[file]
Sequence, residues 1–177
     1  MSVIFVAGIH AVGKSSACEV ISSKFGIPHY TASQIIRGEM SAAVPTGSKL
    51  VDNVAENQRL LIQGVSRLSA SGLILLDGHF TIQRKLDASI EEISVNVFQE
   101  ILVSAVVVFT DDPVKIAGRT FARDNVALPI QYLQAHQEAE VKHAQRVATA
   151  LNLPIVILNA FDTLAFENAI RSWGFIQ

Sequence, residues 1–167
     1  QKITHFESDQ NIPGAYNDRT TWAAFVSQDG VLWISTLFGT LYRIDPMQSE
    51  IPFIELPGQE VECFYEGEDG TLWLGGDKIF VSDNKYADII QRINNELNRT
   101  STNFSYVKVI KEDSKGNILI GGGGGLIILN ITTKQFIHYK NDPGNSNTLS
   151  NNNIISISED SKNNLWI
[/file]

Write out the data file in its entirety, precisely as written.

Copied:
Sequence, residues 1–177
     1  MSVIFVAGIH AVGKSSACEV ISSKFGIPHY TASQIIRGEM SAAVPTGSKL
    51  VDNVAENQRL LIQGVSRLSA SGLILLDGHF TIQRKLDASI EEISVNVFQE
   101  ILVSAVVVFT DDPVKIAGRT FARDNVALPI QYLQAHQEAE VKHAQRVATA
   151  LNLPIVILNA FDTLAFENAI RSWGFIQ

Sequence, residues 1–167
     1  QKITHFESDQ NIPGAYNDRT TWAAFVSQDG VLWISTLFGT LYRIDPMQSE
    51  IPFIELPGQE VECFYEGEDG TLWLGGDKIF VSDNKYADII QRINNELNRT
   101  STNFSYVKVI KEDSKGNILI GGGGGLIILN ITTKQFIHYK NDPGNSNTLS
   151  NNNIISISED SKNNLWI